**********

Haunt Me Still is a sequel to Interred with Their Bones in which Kate Stanley was on the hunt for a missing Shakespeare play. In this book, she is hired to stage a new production of Macbeth. Macbeth is a play so famously cursed that actors even refuse to name the play or quote from the play aloud. And it won't take long before it seems like the play really is cursed…

Interred with Their Bones was such a good book that I for a long time have wanted to read Haunt Me Still, unfortunately, this book wasn’t nearly enough good. It's was entertaining, it was interesting; I love the idea of a lost Macbeth that is said to contain ritual of real witchcraft. But it wasn't a page-turner for me, I read part of it now and then and I enjoyed it but it never became a book that I couldn't put down. It was just…a good for the moment book, but not an OMG book. I liked the first book much more, it was more intense, more action and more adventures. Will I read the third book if it comes out? Yes, I would, I just hope that the mystery will be more interesting than this book.

The Mill River Redemption by Darcie Chan

The Mill River Redemption by Darcie Chan
My rating: 3 of 5 stars

I received a free copy of this book from Brown Book Group in exchange for an honest review, thank you! I also want to thank Brown Book Group for letting me participate in the "The Mill River Redemption blog tour"! 

Josie DiSanti moves after losing her husband in a fire that burned down the house to the little town of Mill River with her two small children, Rose, and Emily, to live with her aunt Ivy. As they grown up the girls are inseparable but a terrible accident tears them apart. Years later they return to the town for the reading of their mother’s testament. They learn that Josie will do anything to reconcile her two daughters. The sisters must move into neighboring houses during the summer and work together to find Josie’s safe deposit box which contains their inheritance...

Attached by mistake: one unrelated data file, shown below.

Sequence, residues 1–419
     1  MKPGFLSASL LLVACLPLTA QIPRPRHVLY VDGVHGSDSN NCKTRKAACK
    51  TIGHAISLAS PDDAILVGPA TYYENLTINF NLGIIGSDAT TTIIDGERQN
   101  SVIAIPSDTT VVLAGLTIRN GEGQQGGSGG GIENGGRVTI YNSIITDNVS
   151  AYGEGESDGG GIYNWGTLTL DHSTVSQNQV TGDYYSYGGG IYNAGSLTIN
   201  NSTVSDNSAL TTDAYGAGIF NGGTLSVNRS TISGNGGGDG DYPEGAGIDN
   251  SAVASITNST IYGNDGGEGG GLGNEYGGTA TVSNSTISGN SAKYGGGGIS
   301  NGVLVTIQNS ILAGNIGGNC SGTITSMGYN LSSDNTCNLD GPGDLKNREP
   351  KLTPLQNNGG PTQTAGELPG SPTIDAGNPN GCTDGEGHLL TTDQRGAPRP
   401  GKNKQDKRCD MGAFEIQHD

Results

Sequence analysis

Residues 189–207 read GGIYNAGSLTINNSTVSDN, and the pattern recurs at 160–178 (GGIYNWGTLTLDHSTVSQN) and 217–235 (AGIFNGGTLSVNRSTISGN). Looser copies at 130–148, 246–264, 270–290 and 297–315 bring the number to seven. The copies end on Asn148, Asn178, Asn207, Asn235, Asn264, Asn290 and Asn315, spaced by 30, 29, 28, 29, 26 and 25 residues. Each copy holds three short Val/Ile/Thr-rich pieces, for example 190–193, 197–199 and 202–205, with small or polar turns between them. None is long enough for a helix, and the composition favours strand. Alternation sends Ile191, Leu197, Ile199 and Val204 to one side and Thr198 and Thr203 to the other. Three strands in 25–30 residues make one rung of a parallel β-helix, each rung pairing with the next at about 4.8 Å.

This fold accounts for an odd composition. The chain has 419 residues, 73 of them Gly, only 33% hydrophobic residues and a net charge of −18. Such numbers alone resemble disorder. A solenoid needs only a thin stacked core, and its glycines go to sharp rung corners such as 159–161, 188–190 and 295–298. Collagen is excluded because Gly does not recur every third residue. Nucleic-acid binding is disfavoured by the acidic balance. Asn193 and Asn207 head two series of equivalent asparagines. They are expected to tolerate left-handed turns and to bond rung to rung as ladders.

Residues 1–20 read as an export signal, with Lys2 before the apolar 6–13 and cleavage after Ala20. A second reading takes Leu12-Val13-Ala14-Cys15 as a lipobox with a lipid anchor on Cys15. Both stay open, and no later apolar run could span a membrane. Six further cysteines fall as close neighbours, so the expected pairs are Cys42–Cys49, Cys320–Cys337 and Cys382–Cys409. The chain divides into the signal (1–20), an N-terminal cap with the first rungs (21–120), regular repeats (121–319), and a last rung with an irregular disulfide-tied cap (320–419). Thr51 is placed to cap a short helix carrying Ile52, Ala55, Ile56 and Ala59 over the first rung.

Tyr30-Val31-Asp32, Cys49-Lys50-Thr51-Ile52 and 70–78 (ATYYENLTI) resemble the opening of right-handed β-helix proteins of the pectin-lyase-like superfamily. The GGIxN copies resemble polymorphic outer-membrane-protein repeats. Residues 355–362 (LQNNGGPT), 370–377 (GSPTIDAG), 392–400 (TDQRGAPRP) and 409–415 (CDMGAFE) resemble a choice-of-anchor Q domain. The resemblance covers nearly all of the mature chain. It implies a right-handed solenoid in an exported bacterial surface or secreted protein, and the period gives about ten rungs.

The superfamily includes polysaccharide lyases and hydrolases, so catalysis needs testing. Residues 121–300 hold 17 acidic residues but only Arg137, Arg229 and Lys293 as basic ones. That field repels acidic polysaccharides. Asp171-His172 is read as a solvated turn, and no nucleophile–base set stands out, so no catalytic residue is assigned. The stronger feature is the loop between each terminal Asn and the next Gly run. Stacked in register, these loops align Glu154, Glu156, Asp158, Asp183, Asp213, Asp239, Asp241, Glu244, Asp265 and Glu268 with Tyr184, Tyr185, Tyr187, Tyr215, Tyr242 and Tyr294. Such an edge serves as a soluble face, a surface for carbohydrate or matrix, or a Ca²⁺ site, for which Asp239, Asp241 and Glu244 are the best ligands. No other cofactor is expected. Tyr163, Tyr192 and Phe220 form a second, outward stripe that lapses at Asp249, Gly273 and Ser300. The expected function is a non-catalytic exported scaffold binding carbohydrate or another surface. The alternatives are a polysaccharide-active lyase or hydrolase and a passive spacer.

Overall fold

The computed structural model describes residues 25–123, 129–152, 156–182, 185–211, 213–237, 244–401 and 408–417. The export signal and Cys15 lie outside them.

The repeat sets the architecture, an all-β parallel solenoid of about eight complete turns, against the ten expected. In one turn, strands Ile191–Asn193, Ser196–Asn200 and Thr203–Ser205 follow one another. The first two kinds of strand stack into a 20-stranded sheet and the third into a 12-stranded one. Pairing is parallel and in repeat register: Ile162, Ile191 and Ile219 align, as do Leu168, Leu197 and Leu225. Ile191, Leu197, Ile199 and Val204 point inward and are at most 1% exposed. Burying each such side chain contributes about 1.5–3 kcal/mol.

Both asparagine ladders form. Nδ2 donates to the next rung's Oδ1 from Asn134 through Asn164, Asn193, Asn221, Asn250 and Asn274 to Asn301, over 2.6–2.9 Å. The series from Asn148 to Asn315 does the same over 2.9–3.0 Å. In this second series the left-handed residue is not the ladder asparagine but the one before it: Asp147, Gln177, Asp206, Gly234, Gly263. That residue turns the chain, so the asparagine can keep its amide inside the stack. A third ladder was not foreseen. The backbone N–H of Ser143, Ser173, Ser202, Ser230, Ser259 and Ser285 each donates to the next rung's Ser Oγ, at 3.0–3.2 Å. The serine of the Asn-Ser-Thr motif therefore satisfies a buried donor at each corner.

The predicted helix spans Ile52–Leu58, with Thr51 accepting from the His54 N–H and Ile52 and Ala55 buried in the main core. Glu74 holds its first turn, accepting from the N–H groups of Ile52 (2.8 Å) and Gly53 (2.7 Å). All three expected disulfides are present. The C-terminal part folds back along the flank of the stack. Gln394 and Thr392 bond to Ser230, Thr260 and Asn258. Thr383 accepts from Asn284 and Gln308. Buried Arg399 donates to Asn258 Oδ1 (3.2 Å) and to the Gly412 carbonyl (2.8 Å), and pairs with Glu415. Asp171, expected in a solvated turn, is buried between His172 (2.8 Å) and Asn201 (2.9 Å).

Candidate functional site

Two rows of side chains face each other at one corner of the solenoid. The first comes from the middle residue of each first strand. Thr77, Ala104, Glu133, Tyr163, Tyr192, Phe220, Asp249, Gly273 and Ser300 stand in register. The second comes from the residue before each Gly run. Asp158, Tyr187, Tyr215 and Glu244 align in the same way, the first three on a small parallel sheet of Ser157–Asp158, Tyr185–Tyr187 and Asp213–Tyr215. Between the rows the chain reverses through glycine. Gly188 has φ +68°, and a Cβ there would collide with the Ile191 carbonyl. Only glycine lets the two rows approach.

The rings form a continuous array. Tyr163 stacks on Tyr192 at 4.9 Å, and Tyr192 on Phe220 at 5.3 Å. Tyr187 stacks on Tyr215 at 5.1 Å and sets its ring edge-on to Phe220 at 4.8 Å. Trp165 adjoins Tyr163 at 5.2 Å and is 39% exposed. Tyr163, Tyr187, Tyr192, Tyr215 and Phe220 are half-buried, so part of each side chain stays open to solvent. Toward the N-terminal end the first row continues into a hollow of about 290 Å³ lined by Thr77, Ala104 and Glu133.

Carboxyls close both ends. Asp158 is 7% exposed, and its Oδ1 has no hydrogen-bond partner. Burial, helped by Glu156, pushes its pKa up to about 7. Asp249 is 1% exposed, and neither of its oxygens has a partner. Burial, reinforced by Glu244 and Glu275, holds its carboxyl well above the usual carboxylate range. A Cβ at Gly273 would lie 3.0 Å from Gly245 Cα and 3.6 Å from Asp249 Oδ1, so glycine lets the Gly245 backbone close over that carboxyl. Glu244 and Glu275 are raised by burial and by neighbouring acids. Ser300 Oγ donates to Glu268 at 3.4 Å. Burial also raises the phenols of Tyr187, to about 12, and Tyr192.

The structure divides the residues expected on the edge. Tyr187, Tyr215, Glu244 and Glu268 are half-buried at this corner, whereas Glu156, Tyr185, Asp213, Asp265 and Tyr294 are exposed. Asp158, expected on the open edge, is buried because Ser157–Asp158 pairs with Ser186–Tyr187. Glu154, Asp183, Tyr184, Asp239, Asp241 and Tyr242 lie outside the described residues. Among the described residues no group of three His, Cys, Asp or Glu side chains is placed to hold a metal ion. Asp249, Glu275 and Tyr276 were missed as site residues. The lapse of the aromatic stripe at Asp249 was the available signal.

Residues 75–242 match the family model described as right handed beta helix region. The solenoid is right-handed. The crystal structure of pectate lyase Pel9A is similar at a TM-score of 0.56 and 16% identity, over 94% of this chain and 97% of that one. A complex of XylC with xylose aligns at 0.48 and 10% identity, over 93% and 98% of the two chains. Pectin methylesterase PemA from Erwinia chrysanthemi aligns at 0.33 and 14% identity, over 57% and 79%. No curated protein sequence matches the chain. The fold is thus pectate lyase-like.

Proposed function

**********


I got a chance to read Darcie Chan's “The Mill River Redemption”, her second book after “The Mill River Recluse”. I have not read the first book, but I don’t feel that you need to, even though I must say I am a bit tempted.

This is not the usual book I go for. But I felt intrigued when I read what the book was about. About a small little town, a town where everyone knows everyone and two sisters that have to return to fulfill their mother's last will to be able to inherit. But nothing is easy; they haven’t spoken to each other for years and something putting two people together that are angry with each other can cause blowups.

In the book, we follow Josie in the 1980-90s building a life for herself and her children parallel with her children as grownups coming back to town and trying to find the key to the safe deposit box. I liked it at the same time you get to know the people in the past you also get to know them as grownups and in the end, the past story reveals why they are estranged.

Rose and Emily are very different, Rose is superficial and Emily is down to earth. And there we have my biggest problem with the book. Emily is the good and Rose the bad daughter. The story is written so you will feel for Emily always, it is she who got hurt, and it is she who always does the right thing. After a while it feels like everything Rose does is to hurt everyone around here. Of course, it could be the alcohol talking, she is an alcoholic, but I don’t buy it all the way. By always making it Rose’s fault then the book loses a bit of credibility because not everyone is perfect and not everyone is bad. And I feel that the book had been better if they both had been portrayed with flaws instead of just Rose.

But besides that, I mostly enjoyed the book. It was a bit weird reading about Claudia and Kyle in the book, at first I didn’t understand why there were chapters about their life in the middle of the story about Emily and Rose but I figured that their story had something to do with the first book and I was right.

Marina by Carlos Ruiz Zafón

Marina by Carlos Ruiz Zafón
My rating: 4.5 of 5 stars